Retail banking is banking that provides direct services to consumers. Many people with bank accounts have their accounts at a retail bank and banks that offer retail services may also have merchant and commercial branches that work with businesses. For people with high net worth and special banking needs, private banking services may be pursued. These offer a high level of service with a number of options that are not available to average members of the public.
The most basic retail banking services include savings and checking accounts. Most retail banks, however, try to make themselves into a one stop shop for banking customers to increase customer retention and loyalty, ensuring that the bank has a steady supply of customers. Expanding banking services also provides more opportunities for the bank to turn a profit.
Other services can include safe deposit boxes, home and car loans, certificates of deposit, retirement accounts, and investment services. Most retail banks provide customers with debit and credit cards, as well as financing options like home equity lines of credit. Depending on banking regulations, a bank may not be able to offer all of these services at one location, but it can partner with other financial institutions to provide conveniently linked services for bank customers. This type of banking is designed to provide people with banking services for life, from college funds opened at the birth of a child to retirement trusts established to pay for old age.
Retail banking is a highly competitive market. Many people need these services, and they are not afraid to shop around to find the bank offering the best incentives, rates, and deals. Banks can compete with interest rates, account perks such as credit monitoring, and other services designed to entice customers. Some even provide special incentives for customers switching over from rivals, such as bonuses awarded when transferring funds from a rival bank to open a new account.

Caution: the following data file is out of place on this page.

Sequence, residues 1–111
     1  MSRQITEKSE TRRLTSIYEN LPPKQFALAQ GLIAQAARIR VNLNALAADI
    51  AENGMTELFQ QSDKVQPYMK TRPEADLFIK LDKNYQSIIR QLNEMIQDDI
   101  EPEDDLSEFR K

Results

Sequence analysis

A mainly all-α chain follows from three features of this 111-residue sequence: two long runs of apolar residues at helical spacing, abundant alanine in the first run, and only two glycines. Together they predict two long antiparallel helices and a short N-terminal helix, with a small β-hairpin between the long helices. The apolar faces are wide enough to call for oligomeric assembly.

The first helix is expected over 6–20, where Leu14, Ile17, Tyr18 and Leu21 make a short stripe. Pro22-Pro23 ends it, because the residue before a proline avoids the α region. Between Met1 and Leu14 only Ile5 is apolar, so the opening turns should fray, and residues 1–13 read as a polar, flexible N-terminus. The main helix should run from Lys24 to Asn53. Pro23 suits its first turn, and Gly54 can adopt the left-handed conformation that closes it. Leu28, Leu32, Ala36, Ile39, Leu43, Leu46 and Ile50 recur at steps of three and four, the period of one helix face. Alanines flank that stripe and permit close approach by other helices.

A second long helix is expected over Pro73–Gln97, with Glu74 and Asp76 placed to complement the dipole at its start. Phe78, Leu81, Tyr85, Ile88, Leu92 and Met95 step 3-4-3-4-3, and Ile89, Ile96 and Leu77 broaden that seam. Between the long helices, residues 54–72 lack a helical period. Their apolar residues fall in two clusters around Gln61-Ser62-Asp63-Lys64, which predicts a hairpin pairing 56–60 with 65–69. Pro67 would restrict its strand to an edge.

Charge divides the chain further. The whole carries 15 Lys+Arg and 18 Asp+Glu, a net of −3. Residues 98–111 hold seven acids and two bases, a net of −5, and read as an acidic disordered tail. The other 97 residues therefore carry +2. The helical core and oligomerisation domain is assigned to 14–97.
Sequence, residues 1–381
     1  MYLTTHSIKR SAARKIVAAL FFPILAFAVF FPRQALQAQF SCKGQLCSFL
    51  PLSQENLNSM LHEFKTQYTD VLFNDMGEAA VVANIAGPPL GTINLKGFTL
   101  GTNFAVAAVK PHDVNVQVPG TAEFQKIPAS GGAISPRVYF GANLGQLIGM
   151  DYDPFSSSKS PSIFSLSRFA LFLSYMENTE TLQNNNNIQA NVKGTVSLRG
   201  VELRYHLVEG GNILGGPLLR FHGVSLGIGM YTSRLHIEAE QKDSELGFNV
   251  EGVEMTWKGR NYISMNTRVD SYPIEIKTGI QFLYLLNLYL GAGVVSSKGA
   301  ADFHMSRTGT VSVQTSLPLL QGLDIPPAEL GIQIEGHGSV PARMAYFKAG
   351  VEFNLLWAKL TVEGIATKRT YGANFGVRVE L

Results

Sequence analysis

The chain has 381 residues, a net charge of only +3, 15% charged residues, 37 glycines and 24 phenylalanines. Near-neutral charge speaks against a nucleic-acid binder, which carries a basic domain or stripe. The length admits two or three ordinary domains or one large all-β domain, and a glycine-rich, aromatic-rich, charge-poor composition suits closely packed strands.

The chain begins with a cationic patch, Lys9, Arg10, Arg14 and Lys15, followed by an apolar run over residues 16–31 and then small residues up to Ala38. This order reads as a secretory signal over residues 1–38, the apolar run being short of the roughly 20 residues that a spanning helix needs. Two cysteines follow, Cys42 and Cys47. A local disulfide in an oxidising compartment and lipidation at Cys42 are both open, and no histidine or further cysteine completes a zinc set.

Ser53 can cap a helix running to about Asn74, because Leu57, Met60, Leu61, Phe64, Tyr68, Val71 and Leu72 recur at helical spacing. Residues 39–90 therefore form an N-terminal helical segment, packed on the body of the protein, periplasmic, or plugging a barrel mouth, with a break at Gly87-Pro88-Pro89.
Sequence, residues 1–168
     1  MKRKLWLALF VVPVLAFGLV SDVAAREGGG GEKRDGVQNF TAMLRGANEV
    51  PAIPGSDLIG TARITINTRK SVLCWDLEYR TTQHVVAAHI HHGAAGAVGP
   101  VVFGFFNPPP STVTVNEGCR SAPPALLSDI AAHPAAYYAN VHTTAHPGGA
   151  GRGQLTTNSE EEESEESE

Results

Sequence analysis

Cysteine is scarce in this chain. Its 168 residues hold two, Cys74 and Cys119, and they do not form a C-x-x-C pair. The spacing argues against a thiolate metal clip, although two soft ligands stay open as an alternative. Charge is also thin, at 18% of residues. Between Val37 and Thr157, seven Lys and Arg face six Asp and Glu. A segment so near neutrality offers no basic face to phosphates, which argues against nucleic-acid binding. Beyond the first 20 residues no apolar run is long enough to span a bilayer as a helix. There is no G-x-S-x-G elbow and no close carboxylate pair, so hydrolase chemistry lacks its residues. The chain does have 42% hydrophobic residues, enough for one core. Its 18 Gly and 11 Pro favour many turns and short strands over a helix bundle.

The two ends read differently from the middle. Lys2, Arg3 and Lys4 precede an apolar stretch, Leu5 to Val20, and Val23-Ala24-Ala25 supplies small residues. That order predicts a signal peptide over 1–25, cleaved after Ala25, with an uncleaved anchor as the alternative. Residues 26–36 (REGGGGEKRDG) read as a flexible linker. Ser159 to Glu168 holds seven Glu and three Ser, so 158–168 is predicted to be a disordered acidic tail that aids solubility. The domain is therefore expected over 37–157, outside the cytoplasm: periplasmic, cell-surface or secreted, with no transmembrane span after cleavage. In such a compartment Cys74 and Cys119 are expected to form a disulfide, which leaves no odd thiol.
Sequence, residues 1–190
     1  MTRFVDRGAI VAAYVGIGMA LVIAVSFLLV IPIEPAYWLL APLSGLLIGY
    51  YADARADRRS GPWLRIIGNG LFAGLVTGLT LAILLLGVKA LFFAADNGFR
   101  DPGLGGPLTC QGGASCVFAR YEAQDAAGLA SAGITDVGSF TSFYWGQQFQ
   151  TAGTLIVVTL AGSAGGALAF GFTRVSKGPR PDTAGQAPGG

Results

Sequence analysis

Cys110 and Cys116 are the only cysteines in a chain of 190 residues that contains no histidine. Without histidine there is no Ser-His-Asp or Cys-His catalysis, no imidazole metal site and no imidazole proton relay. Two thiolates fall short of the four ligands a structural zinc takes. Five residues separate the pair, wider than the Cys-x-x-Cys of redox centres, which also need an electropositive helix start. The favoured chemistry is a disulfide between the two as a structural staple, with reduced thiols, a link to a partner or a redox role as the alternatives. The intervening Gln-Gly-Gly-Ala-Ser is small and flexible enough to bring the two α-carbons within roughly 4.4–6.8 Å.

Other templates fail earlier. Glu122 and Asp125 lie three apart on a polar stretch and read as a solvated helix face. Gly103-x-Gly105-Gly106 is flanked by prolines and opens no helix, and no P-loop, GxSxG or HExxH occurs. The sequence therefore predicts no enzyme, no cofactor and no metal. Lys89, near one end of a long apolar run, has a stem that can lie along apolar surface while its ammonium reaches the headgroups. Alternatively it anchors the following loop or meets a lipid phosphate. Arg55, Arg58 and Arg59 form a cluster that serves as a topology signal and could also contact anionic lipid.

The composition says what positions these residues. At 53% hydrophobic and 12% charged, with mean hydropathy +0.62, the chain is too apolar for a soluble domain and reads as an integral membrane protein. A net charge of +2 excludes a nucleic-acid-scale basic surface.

Some retail banks are international corporations with many branch banks all over the world, while others operate on a national level. Smaller retail banks may be regional or may even have single branches. Community banks may offer services customized to local members and sometimes receive government incentives for community reinvestment, such as offering small business loans and home loans to people in the community. It is sometimes possible to get more favorable interest rates on such activities from community banks than it is from larger establishments.